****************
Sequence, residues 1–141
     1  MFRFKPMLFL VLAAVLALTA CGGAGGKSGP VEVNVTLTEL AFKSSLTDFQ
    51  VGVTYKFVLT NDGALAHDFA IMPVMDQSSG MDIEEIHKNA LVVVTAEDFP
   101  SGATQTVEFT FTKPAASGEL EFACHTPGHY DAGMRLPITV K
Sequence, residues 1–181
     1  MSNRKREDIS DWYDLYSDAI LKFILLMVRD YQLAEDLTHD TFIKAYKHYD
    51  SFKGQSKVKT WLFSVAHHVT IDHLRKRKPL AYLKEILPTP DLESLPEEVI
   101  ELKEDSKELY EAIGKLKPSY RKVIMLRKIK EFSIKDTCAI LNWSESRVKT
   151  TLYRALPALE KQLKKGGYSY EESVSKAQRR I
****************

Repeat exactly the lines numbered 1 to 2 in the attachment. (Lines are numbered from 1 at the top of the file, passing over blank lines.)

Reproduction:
Sequence, residues 1–141
     1  MFRFKPMLFL VLAAVLALTA CGGAGGKSGP VEVNVTLTEL AFKSSLTDFQ